The U.S. pharmaceutical firm Merck & Co. has won the first-ever regulatory approval of a vaccine against the Ebola virus, a major boon in the fight against the deadly disease.
The European Commission’s November 10 decision granting a significant step toward full approval of Merck’s Ervebo vaccine, for use by adults over age 18, comes amid an outbreak in the Democratic Republic of the Congo (DRC) that has killed more than 2,100 people since it began last year.
While the approval is for use in the European Union, the vaccine already has been used in the DRC under a “compassionate use” program to protect those at greatest risk, including health care workers and others in contact with infected patients, according to a statement from the European Medicines Agency (EMA).
EMA Executive Director Guido Rasi calls the approval “an important step towards relieving the burden of this deadly disease,” and he says Ervebo will save lives in affected countries.
On November 12, the World Health Organization (WHO) granted pre-qualification status to Ervebo, which allows U.N. agencies and Gavi, the Vaccine Alliance, to procure the vaccine for use in at-risk countries. The WHO is working with several African countries through the African Vaccine Regulatory Forum to pursue in-country registration and approval of the vaccine.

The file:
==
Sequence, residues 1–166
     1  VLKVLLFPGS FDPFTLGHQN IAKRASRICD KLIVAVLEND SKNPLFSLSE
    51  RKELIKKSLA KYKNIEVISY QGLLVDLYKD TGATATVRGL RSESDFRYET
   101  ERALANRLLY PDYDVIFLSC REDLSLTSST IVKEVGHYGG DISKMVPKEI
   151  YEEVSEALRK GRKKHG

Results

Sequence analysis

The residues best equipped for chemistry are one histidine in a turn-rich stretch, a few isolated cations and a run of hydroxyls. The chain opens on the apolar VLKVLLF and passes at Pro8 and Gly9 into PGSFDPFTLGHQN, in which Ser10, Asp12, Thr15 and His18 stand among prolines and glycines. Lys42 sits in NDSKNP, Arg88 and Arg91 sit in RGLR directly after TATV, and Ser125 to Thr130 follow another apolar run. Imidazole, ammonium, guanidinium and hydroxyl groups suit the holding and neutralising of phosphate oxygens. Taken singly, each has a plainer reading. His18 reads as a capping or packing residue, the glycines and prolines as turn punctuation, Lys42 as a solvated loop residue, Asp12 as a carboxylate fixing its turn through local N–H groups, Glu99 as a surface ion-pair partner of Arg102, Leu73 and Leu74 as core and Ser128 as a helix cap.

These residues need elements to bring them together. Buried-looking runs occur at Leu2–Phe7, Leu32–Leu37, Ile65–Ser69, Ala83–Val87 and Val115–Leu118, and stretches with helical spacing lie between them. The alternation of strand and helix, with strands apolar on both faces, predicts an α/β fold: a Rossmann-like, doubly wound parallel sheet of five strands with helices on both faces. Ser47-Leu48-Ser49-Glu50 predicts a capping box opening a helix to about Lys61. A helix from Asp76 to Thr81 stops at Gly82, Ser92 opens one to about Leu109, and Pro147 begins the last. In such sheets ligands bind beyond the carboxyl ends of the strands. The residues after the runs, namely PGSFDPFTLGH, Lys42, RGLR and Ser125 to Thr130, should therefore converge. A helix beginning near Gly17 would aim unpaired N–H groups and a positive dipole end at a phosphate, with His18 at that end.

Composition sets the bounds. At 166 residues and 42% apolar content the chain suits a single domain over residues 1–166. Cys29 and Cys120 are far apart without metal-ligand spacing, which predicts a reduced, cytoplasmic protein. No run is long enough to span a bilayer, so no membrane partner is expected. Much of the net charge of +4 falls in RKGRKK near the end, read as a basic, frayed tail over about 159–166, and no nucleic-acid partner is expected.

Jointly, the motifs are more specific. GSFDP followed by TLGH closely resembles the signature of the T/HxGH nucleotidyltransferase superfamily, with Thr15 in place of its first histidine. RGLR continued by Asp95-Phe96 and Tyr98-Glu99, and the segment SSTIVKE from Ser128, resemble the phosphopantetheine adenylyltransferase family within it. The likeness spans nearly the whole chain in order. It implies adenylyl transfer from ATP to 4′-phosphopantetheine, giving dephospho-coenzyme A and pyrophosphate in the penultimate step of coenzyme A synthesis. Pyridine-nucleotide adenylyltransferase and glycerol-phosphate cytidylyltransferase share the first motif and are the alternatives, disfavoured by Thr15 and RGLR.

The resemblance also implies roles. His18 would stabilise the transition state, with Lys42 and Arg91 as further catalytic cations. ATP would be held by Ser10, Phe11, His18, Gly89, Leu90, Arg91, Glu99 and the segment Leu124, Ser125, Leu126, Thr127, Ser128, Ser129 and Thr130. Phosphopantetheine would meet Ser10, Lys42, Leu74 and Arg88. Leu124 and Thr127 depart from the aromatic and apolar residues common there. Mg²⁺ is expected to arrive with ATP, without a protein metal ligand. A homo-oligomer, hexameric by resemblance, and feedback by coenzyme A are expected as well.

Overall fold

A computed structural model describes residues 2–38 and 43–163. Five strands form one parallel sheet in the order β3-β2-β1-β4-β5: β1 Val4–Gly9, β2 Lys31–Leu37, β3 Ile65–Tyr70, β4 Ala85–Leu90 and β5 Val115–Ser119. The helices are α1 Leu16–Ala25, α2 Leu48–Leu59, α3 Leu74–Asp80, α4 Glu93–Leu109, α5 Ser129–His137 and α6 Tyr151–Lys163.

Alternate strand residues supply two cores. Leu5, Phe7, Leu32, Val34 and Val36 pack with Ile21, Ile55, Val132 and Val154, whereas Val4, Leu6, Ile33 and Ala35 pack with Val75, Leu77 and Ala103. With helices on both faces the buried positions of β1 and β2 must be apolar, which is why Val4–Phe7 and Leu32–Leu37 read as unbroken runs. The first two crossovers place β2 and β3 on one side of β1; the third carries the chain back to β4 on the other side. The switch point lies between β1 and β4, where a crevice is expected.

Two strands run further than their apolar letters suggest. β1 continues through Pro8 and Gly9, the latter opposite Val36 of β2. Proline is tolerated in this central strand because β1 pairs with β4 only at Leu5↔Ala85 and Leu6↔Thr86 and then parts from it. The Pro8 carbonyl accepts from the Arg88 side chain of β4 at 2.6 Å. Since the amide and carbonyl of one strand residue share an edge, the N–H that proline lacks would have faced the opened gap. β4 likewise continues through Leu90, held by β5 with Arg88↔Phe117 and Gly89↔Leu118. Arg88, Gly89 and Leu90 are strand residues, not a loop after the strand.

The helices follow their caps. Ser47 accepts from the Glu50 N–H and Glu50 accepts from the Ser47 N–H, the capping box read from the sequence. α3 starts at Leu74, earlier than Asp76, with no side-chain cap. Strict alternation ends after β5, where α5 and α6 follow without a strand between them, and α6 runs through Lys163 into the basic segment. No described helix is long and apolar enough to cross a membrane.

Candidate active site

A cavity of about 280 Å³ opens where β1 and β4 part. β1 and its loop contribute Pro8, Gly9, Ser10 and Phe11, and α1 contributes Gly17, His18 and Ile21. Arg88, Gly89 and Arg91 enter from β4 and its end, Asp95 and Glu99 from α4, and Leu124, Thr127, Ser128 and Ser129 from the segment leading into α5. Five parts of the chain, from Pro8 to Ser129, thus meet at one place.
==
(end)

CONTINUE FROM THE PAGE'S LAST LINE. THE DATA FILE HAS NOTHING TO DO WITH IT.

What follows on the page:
WHO Director-General Tedros Adhanom Ghebreyesus noted that “five years ago, we had no vaccine and no therapeutics for Ebola. With a pre-qualified vaccine and experimental therapeutics, Ebola is now preventable and treatable.”
The U.S. is the largest single-country donor to the Ebola fight, including support through the U.S. Agency for International Development of more than $266 million in humanitarian assistance and Ebola preparedness in the DRC and neighboring countries since August 2018.